Rev. Dick is pastor of Grace Protestant Reformed Church in Standale, Michigan.
Such evil welling.
From hell, of course. The end of Jesus must be by forces gushing from there.
Almost we do not see it. It is the last Thursday of Jesus’ life on earth. He is now busy, privately, ministering to His disciples. He will institute the Lord’s Supper in place of the Passover. He will instruct His disciples in many things about the kingdom. He will offer a beautiful high priestly prayer. He and the disciples will go to the garden and there Jesus will pray more….
Such good and godly things! All is well!
But hell…. Look at hell’s evil welling: “And the supper being ended, the devil having now put into the heart of Judas Iscariot, Simon’s son, to betray him…”(John 13:2).
Judas will go out. He will call the wolves. And the devil in him will be calling the devils. Wolves of hell. Hellions from hell. Gates of hell. To devour the Son of Man. To undisciple and scatter disciples.
But look! Now is love. “When Jesus knew that his hour was come that he should depart out of this world unto the Father, having loved his own which were in the world, he loved them unto the end” (John 13:1).
Hell is hell, I tell you. And evil is welling. But who is king? Is He not Love? Is He not Love now?
Yes! Love! Love rules hell. Love thwarts hell. Love instructs. Love comforts. Love prays. Love will save. Love is loving!
Jesus’ love! Father-love! If such love is now, what shall we fear? Will not Love-now always be Love?
Behold now: Love washing feet. Sin-cleansing, soul-cleansing love. Love welling … in you? Footwasher too?
John 13 is the only record of Jesus washing the feet of His disciples on that last Thursday. What do the parallel accounts in Matthew 26:17-29, Mark 14:12-25, and Luke 22:8ff. tell us of the circumstances leading up to and following the feet washing? Glean from a Bible dictionary or other source to answer questions such as the following: What were some of the customs associated with the eating of the Passover? What do we know of the custom of the washing of feet in Palestine?
Evidently, when Jesus and the disciples had come to celebrate the Passover meal together, the room was all ready for feet to be washed: there was a pitcher of water, a basin or bowl to pour the water and wash the feet, plus a towel to dry off the feet after they had been washed by hand. All was ready, except, that is, for one thing: there was no one to wash the feet! There were no servants. And none of the disciples had volunteered.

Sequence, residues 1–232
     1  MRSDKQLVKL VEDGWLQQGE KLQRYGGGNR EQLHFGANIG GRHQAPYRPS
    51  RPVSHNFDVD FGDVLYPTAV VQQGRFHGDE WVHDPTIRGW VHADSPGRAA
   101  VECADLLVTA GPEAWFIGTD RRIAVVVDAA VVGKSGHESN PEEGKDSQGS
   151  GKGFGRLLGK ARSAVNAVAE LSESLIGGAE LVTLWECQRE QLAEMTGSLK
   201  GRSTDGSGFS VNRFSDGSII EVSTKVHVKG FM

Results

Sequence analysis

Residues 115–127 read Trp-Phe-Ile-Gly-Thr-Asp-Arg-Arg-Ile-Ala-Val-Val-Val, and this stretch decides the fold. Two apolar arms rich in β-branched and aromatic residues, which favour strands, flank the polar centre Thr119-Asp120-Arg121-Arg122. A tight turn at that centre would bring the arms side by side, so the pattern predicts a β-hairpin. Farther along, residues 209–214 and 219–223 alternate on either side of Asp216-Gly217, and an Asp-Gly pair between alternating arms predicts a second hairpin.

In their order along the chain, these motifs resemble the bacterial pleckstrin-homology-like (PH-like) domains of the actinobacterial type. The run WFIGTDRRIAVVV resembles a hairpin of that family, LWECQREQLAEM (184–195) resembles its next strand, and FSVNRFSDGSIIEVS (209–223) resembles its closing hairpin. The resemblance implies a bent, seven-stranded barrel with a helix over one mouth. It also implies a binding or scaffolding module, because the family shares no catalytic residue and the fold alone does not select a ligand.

As to the time when Jesus Himself rose up to wash the disciples’ feet a clarification is in order. John 13:2-4a (KJV) speaks of it being the end of the supper when Jesus rose to wash the feet. But this is clearly not the proper translation. Three things prove this: 1) The Greek reads simply: “the supper having come to pass,” that is: it being supper time; 2) Verse 26 shows that the supper was still in process after Jesus washed the disciples’ feet. 3) Footwashing would normally take place before a meal. Therefore, we ought understand Jesus to have washed His disciples’ feet immediately before or sometime during the supper.
What does Jesus say in His conversation with Peter to indicate that there is a spiritual reality signified by the washing of the feet (vv. 8, 10)?
Cite texts in Scripture which refer to salvation as a washing (e.g., Psalm 51:7; Titus 3:5). What is washed (away) in salvation? How are we washed?
The cleansing work of Jesus is twofold. There is His work of justification, or the blotting out of our guilt, and the imputing to us of His own righteousness. There is also His sanctifying work in us by His Spirit, cleansing us from the corruption of sin. How might Jesus be referring to this twofold work of cleansing in verse 10 when He says: “He that is washed needeth not save to wash his feet, but is clean every whit”? (Hint: Jesus says here that we are clean “every whit,” that is, totally. But still our feet must be washed. Might the first clause refer to our legal status as those justified in the sight of God, and the latter clause refer to the necessity of daily cleansing and sanctification? Cite other texts to support or refute this claim.)
How is the truth of the necessity of Christ cleansing us brought out in the protest of Simon Peter (vv. 6-9)? How does Peter in his protesting represent all men as they are apart from grace?